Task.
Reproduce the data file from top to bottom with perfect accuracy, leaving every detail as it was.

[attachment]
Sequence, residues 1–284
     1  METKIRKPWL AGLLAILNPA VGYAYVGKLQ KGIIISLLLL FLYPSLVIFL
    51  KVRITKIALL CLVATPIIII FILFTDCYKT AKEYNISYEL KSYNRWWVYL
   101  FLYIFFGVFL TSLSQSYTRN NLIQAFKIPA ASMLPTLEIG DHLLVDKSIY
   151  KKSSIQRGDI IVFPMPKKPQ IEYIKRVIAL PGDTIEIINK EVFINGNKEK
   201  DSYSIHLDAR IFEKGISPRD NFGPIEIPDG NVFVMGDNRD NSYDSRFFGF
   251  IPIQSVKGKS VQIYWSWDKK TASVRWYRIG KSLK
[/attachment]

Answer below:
Sequence, residues 1–284
     1  METKIRKPWL AGLLAILNPA VGYAYVGKLQ KGIIISLLLL FLYPSLVIFL
    51  KVRITKIALL CLVATPIIII FILFTDCYKT AKEYNISYEL KSYNRWWVYL
   101  FLYIFFGVFL TSLSQSYTRN NLIQAFKIPA ASMLPTLEIG DHLLVDKSIY
   151  KKSSIQRGDI IVFPMPKKPQ IEYIKRVIAL PGDTIEIINK EVFINGNKEK
   201  DSYSIHLDAR IFEKGISPRD NFGPIEIPDG NVFVMGDNRD NSYDSRFFGF
   251  IPIQSVKGKS VQIYWSWDKK TASVRWYRIG KSLK